Monday, September 29, 2008

My Take on the Economic Bailout Package and Its Failure

Despite having gotten most of my personal issues off my chest yesterday, I don’t feel too challenged to write with interest about the big news of the day: the rejection of the economic bailout plan by the House of Representatives.

I hardly know if today’s vote against the plan is the bailout’s ultimate demise. Surely, it will again rear its ugly head and, hopefully, it will be just as thoroughly slammed back down. My foresight lacks in such matters and I have been relegated to the classroom and library for most of the day. And in both locations, I have managed to mostly advert my attention from any matters not involving school work. Because of this, I currently fail to be privy to the predictions of the media analysts and experts.

However, I surely hope that the bailout is gone for good.

I was under the impression that the duty of our elected officials was to be the medium through which the voices of their constituents were heard within government. I find myself grasping for the right term to describe this setup. I think it’s called, “democracy”.

Having spent 24 years living under the impression that this democracy concept was being implemented here in the United States, imagine my surprise when I discovered that a large spectrum of officials, Democrat and Republican, in the Legislative and Executive both, were pushing for the successful ratification of this bailout package despite overwhelming calls for the contrary from most of America. Some members of government even acknowledged the disapproval of the American people in regard to the bailout, while still finding ways to see it pass.
That doesn’t seem right.

I, like many other Americans, am not in favor of this bailout. I call myself a Republican and would assume that most Republicans, by nature, would be opposed to this plan as well. However, I have recently found my association with the GOP fading. I am probably more of a Libertarian at heart. But I am at the very least currently a disenfranchised citizen.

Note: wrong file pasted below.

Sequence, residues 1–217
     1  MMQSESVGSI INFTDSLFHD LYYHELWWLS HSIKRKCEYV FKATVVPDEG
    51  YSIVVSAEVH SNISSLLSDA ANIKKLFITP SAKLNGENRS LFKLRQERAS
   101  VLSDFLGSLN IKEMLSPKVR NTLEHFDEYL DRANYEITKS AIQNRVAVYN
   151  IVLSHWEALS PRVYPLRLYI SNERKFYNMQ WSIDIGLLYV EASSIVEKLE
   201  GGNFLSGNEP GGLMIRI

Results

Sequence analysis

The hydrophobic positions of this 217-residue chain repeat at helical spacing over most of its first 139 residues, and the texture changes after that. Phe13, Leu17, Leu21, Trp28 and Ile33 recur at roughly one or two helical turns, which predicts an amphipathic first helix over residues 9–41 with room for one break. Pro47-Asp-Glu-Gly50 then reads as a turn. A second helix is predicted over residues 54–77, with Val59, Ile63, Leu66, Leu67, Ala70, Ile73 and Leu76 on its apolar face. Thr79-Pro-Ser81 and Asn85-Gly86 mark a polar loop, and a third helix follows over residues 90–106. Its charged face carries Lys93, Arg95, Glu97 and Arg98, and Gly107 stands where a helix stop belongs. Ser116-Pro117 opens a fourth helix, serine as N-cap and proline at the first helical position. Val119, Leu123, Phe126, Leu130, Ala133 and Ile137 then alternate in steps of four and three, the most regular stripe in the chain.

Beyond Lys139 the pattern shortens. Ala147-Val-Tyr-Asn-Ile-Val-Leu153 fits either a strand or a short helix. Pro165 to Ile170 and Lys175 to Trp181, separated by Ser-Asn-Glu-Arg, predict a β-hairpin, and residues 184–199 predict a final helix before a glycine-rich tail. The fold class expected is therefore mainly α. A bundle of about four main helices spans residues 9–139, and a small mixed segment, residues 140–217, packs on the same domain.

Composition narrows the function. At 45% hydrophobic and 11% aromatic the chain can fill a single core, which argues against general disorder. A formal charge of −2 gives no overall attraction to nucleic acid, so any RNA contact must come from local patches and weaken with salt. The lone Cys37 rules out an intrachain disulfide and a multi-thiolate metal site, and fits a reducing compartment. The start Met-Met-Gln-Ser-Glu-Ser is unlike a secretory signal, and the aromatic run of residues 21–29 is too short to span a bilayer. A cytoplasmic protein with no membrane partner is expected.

I do think, however, that most officials in Washington fail to fundamentally understand why Main Street, USA opposes this plan. Personally, I oppose government’s hand directly manipulating entities that may very well work soundly in a more liberated system. But my fear of developing socialism isn’t the fear of the common citizen. I think that most Americans oppose this bailout plan for one simple reason:


Sure, I have heard chicken little tales of complete economic collapse, but political fear-mongering has been so commonplace in recent years that I have found myself feeling akin to witnessing the boy who cried wolf too often.

I urge government officials to inform me - inform America, and please do so with some sense of bipartisan intelligence - the real consequences of failing to pass this bill.

It’s almost like there is no one left to trust. I can’t imagine the one person whom could address this issue and explain what our economy faces that I would truly believe. I don’t know if I wouldn’t be better off asking a Magic Eight Ball.

And, therein lies the problem.

If our elected officials and the economic experts that parade on their behalf can not convince me and my peers of everyday America of pending financial doom, then we will surely be satisfied to allow the system to independently work out its kinks, allowing the cards fall where they may. Most in government grew up too lavishly to understand this term, but perhaps the economic system in America and the big institutions that dominate it (and are now failing) need a little “tough love” for the greater good of all. Sure, times may be tough temporarily, but those of us living in reality realize that tough times are often necessary to stymie the development of what some of us fear most: moral hazard.

I love the free-market. But I will be the first to say that deregulation may have helped stimulate the mess in which we currently find ourselves. But I will add that in a truly liberated system, deregulation would have never been required in the first place.

I wonder: What would Milton Friedman advise in these troubled financial times?

1 comment:

Diana said...

I have sent this to everyone I know.
I am also trying to send it to members of congress but each members site is full with e mails....wonder why!!!!